|Chancellor of the Western Han dynasty|
|Posthumous name||Marquis Yi (Chinese: 懿侯; pinyin: Yì Hóu; Wade–Giles: I Hou)|
Guan Ying (died 176 BC) was an official and general of the early Western Han dynasty.
Guan Ying was from Suiyang (睢陽; present-day Shangqiu, Henan). He served under Liu Bang (Emperor Gaozu), the founder of the Han dynasty, and joined him in rebelling against the Qin dynasty. He also fought on Liu Bang's side in the Chu–Han Contention and assisted him in overcoming his rival, Xiang Yu. After the establishment of the Han dynasty, he served as the "General of Chariots and Cavalry" (車騎將軍).
Following Liu Bang's death, Empress Lü Zhi and her clan seized power from the Liu family and controlled the Han government – this event is historically known as the Lü Clan Disturbance. When the prince Liu Xiang rebelled against the Lü clan, Guan Ying was appointed as "General-in-Chief" (大將軍) and ordered to lead an army to suppress the revolt. However, he led his troops elsewhere instead and combined forces with Zhou Bo, Chen Ping and others who were loyal to the Liu family to oust the Lü clan from power and install Liu Heng (Emperor Wen), a son of Liu Bang, on the throne. Emperor Wen appointed Guan Ying as the Grand Marshal (太尉) and subsequently promoted him to the position of Chancellor (丞相). However, Guan Ying died after holding office for about a year. He was given the posthumous name "Marquis Yi" (懿侯).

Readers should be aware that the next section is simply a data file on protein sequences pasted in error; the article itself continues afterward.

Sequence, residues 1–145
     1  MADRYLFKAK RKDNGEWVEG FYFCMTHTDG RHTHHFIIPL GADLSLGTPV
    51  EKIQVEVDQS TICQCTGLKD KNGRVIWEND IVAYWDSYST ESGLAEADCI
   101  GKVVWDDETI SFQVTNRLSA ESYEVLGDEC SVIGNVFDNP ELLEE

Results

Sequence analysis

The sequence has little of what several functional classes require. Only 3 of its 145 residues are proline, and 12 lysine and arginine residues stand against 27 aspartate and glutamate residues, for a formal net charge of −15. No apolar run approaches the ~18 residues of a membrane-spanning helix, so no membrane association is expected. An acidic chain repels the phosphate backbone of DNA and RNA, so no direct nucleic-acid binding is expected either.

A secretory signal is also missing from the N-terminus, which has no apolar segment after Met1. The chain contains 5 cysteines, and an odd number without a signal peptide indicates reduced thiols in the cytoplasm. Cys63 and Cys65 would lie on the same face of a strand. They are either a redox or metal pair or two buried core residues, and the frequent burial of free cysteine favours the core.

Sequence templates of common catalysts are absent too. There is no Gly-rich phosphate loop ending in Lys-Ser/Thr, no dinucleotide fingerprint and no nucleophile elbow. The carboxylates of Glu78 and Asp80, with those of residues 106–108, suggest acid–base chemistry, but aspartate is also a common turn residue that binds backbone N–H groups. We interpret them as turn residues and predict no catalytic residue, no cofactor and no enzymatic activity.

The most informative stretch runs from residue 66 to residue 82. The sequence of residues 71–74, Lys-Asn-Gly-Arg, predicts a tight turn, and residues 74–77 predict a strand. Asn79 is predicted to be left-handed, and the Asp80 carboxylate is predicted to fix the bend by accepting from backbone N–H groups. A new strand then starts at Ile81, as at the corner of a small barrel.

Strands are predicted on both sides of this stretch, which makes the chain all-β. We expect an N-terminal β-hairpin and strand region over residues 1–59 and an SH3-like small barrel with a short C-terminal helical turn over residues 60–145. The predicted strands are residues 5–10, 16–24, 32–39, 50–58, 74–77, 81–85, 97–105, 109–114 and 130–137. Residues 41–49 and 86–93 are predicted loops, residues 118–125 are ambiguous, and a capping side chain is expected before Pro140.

- Sima, Qian. Records of the Grand Historian (Shi Ji) vol. 95.
- Ban, Gu et al. Book of Han (Han Shu) vol. 41.